Picking the wrong project management style

Waterfall and Agile are the two most popular project management methodologies. When it comes to MVP development, the main difference between is how frequently you’re going to deliver your product to users. Unlike Agile, the Waterfall model is a strict sequence of development phases, and moving to the next phase is possible only if the previous one is fully completed. This approach may not be the best option because you need to stay competitive and keep launch time in mind when building an MVP. Besides, Agile provides greater transparency. You can see how much time has been spent on the different stages and the results. It is a more flexible approach allowing you to change the direction of your project whenever you want. Most importantly, in the Agile approach, the MVP is shared with all stakeholders, and their feedback is incorporated into future iterations.

Choosing the wrong tech stack

Before creating an MVP, it’s very important to choose the right tech stack from the very begin because it ensures a solid foundation for future improvements. Simply put, the better the ingredients you use, the more delicious will be your cake. You will also time and money because the right tech stack goes a long way in helping you minimize errors. Your MVP and then later your product will be easier to maintain and scale if originally built on the right tech stack.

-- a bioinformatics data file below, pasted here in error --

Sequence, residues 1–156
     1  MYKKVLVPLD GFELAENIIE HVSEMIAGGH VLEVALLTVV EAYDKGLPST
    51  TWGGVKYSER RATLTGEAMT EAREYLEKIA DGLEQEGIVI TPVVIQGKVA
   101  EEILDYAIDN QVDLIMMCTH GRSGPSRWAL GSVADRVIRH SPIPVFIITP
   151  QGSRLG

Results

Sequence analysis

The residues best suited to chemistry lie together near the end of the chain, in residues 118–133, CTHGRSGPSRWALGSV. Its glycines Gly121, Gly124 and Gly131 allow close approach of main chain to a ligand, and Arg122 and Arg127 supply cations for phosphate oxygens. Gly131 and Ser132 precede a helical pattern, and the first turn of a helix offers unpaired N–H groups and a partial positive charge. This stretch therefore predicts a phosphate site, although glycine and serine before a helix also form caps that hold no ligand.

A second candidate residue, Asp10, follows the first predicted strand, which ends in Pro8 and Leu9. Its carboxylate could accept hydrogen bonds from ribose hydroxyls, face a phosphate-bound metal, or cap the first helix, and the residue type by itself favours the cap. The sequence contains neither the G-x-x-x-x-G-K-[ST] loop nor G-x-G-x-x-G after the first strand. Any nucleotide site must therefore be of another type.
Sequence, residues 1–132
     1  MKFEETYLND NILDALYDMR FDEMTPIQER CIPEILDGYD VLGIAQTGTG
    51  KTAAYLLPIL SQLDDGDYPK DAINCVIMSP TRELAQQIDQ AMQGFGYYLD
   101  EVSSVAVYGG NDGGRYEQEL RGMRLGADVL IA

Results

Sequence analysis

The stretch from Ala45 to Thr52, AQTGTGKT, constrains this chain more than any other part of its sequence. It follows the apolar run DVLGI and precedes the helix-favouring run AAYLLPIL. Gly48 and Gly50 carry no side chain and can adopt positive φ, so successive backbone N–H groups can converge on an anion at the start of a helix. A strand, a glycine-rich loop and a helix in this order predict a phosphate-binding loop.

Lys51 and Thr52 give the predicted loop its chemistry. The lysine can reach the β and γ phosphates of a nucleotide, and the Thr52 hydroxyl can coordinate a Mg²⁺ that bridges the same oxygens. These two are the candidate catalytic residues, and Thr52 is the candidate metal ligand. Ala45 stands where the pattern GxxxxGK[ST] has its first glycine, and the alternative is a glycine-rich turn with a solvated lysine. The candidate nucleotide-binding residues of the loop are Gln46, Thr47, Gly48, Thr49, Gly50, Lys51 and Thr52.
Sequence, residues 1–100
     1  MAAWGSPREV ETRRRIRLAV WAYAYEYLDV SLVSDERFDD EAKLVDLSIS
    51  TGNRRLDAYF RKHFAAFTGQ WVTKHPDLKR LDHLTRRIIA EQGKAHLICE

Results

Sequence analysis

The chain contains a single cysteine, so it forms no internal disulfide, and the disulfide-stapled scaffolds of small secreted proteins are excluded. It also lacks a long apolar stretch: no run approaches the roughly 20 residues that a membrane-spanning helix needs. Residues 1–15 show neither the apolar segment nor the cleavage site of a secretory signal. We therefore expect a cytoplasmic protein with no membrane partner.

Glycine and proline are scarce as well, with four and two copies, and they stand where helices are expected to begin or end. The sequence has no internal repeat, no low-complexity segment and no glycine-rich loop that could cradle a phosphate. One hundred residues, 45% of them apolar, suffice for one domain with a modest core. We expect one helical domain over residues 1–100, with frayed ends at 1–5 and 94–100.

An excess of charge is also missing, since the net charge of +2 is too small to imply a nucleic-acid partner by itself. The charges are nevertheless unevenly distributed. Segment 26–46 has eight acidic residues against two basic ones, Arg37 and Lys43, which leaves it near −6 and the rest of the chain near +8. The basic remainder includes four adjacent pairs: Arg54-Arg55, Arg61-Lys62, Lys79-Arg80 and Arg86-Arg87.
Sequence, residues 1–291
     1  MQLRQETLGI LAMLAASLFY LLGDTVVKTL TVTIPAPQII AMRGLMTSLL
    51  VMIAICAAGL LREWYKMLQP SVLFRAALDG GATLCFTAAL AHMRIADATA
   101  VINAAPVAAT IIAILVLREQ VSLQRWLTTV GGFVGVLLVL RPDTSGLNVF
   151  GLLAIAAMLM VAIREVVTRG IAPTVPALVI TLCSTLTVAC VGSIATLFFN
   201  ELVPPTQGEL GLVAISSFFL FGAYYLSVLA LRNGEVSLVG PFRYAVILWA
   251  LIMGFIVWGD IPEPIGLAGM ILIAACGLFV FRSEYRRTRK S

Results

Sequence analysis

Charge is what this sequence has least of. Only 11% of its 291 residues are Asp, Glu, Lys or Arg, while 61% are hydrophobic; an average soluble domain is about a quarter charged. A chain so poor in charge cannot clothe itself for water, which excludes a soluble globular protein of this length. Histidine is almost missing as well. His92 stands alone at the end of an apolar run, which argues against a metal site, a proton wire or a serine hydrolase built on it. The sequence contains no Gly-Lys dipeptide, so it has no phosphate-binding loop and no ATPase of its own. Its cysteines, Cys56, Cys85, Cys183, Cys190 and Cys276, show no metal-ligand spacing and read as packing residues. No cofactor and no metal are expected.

Conclusion – Is your product viable or valuable?

Before moving into production of your MVP, ask yourself – What makes your product unique? What problems does it solve? Who are the intended customers and why? This is important because an MVP is not just a scaled down product with some of the features chopped out, or a way to get the product out the door a little earlier. The MVP doesn’t have to be a product at all, especially if you’re going to build only once and then consider the job done.

Think of MVP is a process that you repeat. When you develop a product, you make many assumptions like what users are looking for, how the design should work, what marketing strategy to use, what architecture to use, monetization strategy etc. Know your riskiest assumption, find the smallest possible experiment to test that assumption, and use the results of the experiment to course correct. Twitter was intended to be the Odeo podcasting platform. But when Apple launched iTunes, the founders realized they had to change strategy because they would never be able to compete with the giant. One of their ideas was to create a platform that gave the ability to share updates with a group of people using basic text messages with the codename “twttr.” And so Twitter was born.

No matter how good your team, some of your assumptions could be wrong. The problem is, you don’t know which ones and that’s the purpose of an MVP.


Janaha Vivek

I write about fintech, data, and everything around it | Senior Marketing Specialist @ Zuci Systems.